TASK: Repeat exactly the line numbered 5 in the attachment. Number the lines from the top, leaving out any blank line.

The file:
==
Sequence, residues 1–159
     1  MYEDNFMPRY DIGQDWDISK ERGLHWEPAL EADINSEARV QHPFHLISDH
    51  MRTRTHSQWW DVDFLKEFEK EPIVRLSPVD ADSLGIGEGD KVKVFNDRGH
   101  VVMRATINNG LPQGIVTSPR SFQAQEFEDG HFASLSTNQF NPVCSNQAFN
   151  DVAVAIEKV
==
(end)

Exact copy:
   151  DVAVAIEKV